- 1 Introduction
- 2 Epidemiology
- 3 Pathophysiology
- 4 Risk factors
- 5 Clinical features
- 6 Differential diagnosis
- 7 Investigations
- 8 Management
- 9 Complications
- 10 Summary
- 11 References
Shock is a life threatening condition caused by the systemic failure of the circulatory system. It causes inadequate perfusion of major organs that eventually leads to multi-organ failure due to ischaemia if not corrected (1).
Children often show few signs of shock even after severe fluid depletion due to high physiological reserves. This also means that when symptoms do occur, patients are likely to deteriorate rapidly (1).
There are four different types of shock, although there is overlap between them:
- Hypovolemic – consequence of inadequate circulating volume.
- Obstructive – obstruction of blood flow to and from the heart.
- Cardiogenic – pump failure.
- Distributive – maldistribution of the circulating volume (2).
Shock is one of the most common life threatening presentations in paediatrics and accounts for 2% of all paediatric admissions to casualty worldwide.
Around 10 million children die of shock annually worldwide. The highest mortality is in under 5s in developing countries (3).
Sepsis is the cause in the majority of paediatric cases (57%) and has a high mortality rate ranging from 5% in developed countries to 35% in developing countries (4, 5).
Shock is caused by a failure of the circulatory system to adequately perfuse major organs. The circulatory system requires a functioning pump (heart), reservoir (vascular blood volume) and pipes (vessels). A failure of any of these can lead to shock. (2, 4)
It is important to first understand the physiology of cardiac output (11):
CO = HR X SV
MAP = CO X SVR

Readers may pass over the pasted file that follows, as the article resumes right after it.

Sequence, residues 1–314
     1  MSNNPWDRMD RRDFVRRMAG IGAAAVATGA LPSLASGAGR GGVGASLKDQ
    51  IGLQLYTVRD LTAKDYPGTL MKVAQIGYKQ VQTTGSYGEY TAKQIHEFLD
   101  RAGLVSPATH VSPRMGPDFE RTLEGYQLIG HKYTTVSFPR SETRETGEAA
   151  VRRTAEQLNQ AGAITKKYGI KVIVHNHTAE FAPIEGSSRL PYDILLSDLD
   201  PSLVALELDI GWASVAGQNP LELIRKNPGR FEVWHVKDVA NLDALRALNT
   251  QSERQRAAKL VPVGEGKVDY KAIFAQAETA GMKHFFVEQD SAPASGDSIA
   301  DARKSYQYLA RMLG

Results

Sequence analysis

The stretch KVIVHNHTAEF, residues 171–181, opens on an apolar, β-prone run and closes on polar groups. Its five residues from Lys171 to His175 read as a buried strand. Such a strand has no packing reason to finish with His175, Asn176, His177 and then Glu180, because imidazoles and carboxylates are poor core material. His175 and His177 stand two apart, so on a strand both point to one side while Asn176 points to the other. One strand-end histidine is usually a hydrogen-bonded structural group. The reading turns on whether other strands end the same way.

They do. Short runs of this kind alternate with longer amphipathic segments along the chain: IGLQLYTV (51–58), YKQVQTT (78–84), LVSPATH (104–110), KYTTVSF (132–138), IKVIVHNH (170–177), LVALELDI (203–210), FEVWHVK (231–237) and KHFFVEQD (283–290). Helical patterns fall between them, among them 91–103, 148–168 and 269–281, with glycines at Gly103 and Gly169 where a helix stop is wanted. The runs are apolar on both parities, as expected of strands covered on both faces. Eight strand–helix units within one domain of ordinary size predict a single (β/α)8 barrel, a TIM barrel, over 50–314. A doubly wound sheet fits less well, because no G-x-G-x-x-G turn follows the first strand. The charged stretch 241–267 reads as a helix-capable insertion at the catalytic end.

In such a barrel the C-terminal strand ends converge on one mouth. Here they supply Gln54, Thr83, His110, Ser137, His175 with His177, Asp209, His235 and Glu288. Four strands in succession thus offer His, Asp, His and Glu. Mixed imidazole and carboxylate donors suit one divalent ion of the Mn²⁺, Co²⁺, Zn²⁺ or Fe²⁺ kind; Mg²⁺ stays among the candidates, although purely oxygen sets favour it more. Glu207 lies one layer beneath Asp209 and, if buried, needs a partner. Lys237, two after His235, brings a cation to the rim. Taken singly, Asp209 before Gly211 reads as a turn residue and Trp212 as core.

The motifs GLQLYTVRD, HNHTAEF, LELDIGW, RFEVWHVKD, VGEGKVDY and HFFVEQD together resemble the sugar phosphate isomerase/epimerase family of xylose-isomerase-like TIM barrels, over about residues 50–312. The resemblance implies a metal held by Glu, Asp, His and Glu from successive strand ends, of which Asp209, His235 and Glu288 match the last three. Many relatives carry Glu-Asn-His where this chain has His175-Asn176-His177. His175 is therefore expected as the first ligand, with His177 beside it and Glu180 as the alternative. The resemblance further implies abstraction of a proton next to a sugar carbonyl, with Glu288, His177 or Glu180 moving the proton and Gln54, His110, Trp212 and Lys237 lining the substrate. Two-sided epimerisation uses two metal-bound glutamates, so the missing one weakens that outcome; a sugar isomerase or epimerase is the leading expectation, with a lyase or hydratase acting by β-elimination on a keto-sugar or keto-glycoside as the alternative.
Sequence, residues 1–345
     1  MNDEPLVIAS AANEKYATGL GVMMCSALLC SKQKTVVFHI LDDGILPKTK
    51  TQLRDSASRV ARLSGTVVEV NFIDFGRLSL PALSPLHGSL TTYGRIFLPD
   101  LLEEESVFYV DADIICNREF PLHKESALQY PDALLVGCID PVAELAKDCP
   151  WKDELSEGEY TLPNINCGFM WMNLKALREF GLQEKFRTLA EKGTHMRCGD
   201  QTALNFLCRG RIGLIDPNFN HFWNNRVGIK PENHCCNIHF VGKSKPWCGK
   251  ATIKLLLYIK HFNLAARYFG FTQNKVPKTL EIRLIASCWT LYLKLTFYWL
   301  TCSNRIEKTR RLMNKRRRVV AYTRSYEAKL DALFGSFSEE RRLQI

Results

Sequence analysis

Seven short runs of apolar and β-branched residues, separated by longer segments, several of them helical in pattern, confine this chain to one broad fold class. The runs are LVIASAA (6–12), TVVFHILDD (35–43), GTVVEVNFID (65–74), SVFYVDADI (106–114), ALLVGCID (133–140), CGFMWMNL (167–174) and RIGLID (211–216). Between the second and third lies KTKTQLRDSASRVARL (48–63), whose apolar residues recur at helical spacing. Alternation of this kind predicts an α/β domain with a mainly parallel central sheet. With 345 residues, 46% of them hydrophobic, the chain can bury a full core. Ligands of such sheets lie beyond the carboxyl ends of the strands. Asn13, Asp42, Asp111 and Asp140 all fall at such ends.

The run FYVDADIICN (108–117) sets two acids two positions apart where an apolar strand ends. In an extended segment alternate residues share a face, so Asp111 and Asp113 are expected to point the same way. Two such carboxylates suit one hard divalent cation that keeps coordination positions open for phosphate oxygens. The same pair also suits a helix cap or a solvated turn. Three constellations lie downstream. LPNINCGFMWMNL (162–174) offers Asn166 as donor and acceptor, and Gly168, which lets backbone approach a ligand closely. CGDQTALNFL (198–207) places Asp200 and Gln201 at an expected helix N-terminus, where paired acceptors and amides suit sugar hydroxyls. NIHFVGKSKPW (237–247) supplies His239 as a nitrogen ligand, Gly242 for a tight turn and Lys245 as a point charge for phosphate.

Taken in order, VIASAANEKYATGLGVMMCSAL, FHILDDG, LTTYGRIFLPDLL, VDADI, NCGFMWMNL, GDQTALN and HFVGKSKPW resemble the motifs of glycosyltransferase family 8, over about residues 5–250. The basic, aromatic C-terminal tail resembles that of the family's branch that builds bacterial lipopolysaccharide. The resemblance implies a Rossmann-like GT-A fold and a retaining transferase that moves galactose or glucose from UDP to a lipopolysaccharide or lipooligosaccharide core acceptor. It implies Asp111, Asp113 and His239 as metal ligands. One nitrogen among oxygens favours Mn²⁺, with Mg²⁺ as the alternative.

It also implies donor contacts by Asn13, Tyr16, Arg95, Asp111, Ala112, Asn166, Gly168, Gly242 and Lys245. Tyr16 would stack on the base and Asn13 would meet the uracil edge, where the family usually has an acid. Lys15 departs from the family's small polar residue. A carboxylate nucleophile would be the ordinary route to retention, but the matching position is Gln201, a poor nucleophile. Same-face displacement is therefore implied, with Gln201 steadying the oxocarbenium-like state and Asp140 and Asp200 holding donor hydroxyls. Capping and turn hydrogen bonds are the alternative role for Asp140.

- HR & MAP can be easily measured at the patient’s bedside.
- SV can be estimated by assessing peripheral pulse volume and end organ perfusion (such as urine output & GCS).
- SVR can be estimated by assessing peripheral temperature and capillary refill time (11).
(CO= cardiac output, HR= heart rate, SV= stroke volume, MAP= mean arterial pressure, SVR= systemic vascular resistance)
When shock begins to develop, the body uses neural and hormonal mechanisms to compensate and increase blood pressure (BP) to perfuse the vital organs. This state is called compensated shock and BP is maintained (10).
Mechanisms used in compensated shock include:
- Tachycardia to increase cardiac output.
- Redistribution of blood flow to increase perfusion of more important organs at the expense of others (e.g. skin) through a combination of vasodilation and vasoconstriction.
- Tachypnoea to reduce anaerobic respiration and reduce lactic acidosis formation.
If the cause of shock is not treated, these mechanisms will become insufficient to maintain BP and therefore, vital organ perfusion. This state is called uncompensated or decompensated shock and is a bad prognostic sign (4, 10).
This is a result of redistribution of a normal intravascular blood volume in the wrong vessels due to systemic vasodilation.
Ordinarily, there is a degree of sympathetic tone in all vessels to allow dilation and constriction depending on local circumstances; for example sending more blood to the skin for temperature control, or the muscles during exercise, at the expense of other areas. However, when all these vessels dilate simultaneously, it leads to shifts of blood flow within the vascular system, resulting in reduced blood flow to major organs despite a normal blood volume (4).
Systemic vasodilation is commonly caused by sepsis due to the release of many inflammatory cytokines in response to infection, but can also be caused by anaphylaxis or high spinal cord injury.
Reduced circulating blood volume decreases cardiac output through Starling’s law, decreasing perfusion of the major organs causing shock.
It is commonly caused by (4):
- Dehydration e.g. diarrhoea, vomiting, burns, inadequate feeding in infants, or diuresis in diabetic ketoacidosis.